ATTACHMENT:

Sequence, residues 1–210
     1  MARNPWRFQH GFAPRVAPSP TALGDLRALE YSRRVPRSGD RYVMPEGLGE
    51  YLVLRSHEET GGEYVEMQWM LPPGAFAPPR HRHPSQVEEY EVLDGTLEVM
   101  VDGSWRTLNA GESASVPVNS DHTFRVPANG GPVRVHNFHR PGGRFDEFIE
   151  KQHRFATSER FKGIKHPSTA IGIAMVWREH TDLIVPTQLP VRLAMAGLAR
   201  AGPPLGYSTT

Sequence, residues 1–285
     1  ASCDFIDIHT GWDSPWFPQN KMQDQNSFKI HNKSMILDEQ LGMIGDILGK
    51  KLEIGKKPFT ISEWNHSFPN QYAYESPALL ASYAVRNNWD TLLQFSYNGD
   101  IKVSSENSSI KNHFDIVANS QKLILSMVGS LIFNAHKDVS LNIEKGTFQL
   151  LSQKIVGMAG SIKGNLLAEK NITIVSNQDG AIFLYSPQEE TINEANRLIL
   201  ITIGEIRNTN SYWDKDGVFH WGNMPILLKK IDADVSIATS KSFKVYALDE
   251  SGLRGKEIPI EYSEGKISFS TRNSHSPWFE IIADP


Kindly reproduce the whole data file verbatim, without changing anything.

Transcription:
Sequence, residues 1–210
     1  MARNPWRFQH GFAPRVAPSP TALGDLRALE YSRRVPRSGD RYVMPEGLGE
    51  YLVLRSHEET GGEYVEMQWM LPPGAFAPPR HRHPSQVEEY EVLDGTLEVM
   101  VDGSWRTLNA GESASVPVNS DHTFRVPANG GPVRVHNFHR PGGRFDEFIE
   151  KQHRFATSER FKGIKHPSTA IGIAMVWREH TDLIVPTQLP VRLAMAGLAR
   201  AGPPLGYSTT

Sequence, residues 1–285
     1  ASCDFIDIHT GWDSPWFPQN KMQDQNSFKI HNKSMILDEQ LGMIGDILGK
    51  KLEIGKKPFT ISEWNHSFPN QYAYESPALL ASYAVRNNWD TLLQFSYNGD
   101  IKVSSENSSI KNHFDIVANS QKLILSMVGS LIFNAHKDVS LNIEKGTFQL
   151  LSQKIVGMAG SIKGNLLAEK NITIVSNQDG AIFLYSPQEE TINEANRLIL
   201  ITIGEIRNTN SYWDKDGVFH WGNMPILLKK IDADVSIATS KSFKVYALDE
   251  SGLRGKEIPI EYSEGKISFS TRNSHSPWFE IIADP